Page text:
KANSAS CITY — Sen. Claire McCaskill said Friday a proposal to end some $2 billion in tax subsidies to the world's five largest oil companies should be the easiest bill ever passed by the Congress.
The Missouri Democrat co-sponsored a measure announced earlier this week aimed at ending subsidies and using the money for deficit reduction.
During a news conference Friday at a gas station at a busy downtown Kansas City intersection, McCaskill said she believes the bill will get a vote on the Senate floor within the next month.
"These are the most profitable companies in the world," she said. "If we cannot take away federal tax dollars from corporations that are as successful as these, then what chance do we have of cleaning up the tax code and all of the other goodies that are there?"
The bill, also co-sponsored by Sen. Robert Menendez, D-N.J., and Sherrod Brown, D-Ohio, would cut off subsidies such as a deduction originally intended to boost manufacturing. It would close a loophole that effectively allows oil companies to shield themselves from taxes by deducting royalties paid to foreign governments.
Oil executives testified this week that eliminating the subsidies could result in the loss of thousands of jobs and higher prices at the pump. McCaskill said the five companies — Shell Oil, Exxon Mobil, BP, Chevron and ConocoPhillips — fiercely oppose the bill despite being on track to make an estimated $125 billion in profits this year.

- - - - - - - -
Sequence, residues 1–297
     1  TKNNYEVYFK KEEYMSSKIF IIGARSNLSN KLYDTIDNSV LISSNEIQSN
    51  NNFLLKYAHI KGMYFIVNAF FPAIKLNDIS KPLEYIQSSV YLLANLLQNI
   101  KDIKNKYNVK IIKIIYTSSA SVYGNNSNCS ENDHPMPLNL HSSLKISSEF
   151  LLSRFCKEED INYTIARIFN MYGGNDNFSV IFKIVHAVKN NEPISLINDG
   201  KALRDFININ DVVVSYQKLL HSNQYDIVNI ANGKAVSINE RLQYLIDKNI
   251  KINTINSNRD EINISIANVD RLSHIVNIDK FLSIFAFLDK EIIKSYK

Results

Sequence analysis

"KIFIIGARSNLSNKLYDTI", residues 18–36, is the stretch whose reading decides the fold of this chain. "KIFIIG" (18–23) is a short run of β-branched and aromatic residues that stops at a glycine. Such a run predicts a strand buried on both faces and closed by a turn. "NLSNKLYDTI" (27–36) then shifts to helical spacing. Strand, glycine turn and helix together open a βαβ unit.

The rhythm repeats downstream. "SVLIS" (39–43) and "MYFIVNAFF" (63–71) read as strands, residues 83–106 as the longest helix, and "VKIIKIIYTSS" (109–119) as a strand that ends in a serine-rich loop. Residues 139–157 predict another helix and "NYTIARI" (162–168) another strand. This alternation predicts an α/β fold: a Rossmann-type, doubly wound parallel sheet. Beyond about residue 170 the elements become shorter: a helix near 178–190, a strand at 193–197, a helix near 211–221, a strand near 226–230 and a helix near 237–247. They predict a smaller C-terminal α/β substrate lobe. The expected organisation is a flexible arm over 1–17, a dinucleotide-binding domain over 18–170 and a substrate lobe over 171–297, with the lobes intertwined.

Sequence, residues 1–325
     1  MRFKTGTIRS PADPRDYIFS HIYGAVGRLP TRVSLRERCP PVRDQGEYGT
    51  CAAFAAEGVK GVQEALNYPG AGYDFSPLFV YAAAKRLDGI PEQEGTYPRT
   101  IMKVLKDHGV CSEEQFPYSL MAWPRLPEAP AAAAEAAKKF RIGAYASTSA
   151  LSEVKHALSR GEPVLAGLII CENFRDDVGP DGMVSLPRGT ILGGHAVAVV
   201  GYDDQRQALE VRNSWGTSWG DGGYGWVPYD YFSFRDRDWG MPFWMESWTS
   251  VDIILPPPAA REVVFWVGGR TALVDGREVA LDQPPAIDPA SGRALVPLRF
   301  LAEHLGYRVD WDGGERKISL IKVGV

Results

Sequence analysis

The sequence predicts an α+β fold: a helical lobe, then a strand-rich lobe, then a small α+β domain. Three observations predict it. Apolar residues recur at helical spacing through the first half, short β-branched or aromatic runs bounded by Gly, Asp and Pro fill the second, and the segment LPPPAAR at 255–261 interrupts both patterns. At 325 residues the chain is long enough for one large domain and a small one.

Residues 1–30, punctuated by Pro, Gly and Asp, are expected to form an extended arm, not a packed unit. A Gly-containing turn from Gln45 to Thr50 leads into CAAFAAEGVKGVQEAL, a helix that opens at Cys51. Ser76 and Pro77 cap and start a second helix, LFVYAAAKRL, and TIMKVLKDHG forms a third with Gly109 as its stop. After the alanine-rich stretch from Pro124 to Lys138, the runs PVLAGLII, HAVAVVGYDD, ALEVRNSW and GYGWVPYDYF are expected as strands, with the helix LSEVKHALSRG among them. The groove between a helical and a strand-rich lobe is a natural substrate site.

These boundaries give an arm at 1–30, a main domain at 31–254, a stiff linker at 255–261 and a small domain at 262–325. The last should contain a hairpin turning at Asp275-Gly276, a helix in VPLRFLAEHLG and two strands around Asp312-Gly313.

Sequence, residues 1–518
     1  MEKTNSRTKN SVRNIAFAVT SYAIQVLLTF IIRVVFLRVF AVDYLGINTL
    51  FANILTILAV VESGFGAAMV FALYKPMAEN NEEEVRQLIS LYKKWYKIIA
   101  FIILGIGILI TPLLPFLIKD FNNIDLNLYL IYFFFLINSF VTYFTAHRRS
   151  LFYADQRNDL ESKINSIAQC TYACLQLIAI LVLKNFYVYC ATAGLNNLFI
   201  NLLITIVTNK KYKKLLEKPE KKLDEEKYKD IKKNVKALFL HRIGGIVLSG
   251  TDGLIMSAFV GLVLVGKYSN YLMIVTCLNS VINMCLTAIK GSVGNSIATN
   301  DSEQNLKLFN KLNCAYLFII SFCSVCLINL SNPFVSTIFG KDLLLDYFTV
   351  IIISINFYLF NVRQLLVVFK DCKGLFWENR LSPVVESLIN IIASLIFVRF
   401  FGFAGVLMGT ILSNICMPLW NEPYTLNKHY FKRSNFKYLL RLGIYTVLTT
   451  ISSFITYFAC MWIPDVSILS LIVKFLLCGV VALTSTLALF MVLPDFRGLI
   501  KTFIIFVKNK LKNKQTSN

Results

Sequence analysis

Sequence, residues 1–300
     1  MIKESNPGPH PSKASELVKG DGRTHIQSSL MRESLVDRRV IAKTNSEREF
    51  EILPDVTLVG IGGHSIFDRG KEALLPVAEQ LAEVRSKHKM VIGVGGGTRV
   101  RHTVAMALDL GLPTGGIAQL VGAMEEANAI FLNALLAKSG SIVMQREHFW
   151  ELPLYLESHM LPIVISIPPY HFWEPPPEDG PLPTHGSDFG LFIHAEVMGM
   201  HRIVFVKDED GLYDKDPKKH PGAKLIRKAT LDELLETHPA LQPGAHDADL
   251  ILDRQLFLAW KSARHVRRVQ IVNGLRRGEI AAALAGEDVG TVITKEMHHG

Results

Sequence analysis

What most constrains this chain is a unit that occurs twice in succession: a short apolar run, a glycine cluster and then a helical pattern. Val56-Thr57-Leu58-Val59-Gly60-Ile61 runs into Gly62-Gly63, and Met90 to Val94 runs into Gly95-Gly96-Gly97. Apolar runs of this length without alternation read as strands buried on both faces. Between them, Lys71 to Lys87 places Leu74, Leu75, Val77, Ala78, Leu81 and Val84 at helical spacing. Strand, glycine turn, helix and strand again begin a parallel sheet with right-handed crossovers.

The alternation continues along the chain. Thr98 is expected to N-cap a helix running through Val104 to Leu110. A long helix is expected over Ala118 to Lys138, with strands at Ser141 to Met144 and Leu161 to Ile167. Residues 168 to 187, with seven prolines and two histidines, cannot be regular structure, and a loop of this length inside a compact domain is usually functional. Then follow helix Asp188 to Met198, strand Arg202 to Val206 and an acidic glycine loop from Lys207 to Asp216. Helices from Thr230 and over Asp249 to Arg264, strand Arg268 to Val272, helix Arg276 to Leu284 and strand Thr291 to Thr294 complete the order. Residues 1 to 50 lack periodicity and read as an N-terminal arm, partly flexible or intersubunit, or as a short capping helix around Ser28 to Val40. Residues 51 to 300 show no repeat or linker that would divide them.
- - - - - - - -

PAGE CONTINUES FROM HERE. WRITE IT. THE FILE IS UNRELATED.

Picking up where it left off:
"What are they going to say, that it's a good idea to take billions of dollars in corporate welfare away from us?" she said. "Of course they're going to fight this. They're going to fight it with everything they've got. It's free money to them. We'll see who wins."
Republicans, including Missouri's Roy Blunt, and a small number of Democrats oppose the bill because they said they believe oil companies will raise prices to offset the loss in subsidies. Blunt's office issued a statement Friday saying there are alternatives to pulling back the subsidies, including increased domestic production.
"Sen. Blunt disagrees that raising taxes on American energy production will lower gas prices or create much-needed jobs," said Blunt spokeswoman Amber Marchand. "Instead, he believes that we should address the deficit and increase our nation's access to affordable fuel by tapping into America's vast energy resources and expanding domestic exploration, which would provide approximately $150 billion in revenue, create over 500,000 jobs, and increase production by 4 billion barrels per day."
McCaskill said she didn't think taking away the subsidies would have any impact on gas prices or jobs. She said a Senate vote will show whether the Republican Party "stands with taxpayers or if they're going to stand with the oil companies."
"Here's the bottom line. If we are going to be serious about the deficit, if we are going to be serious about our debt, can we really afford to give taxpayer money away to the most profitable companies in the history of the planet?" she said. "We can't afford that kind of corporate welfare."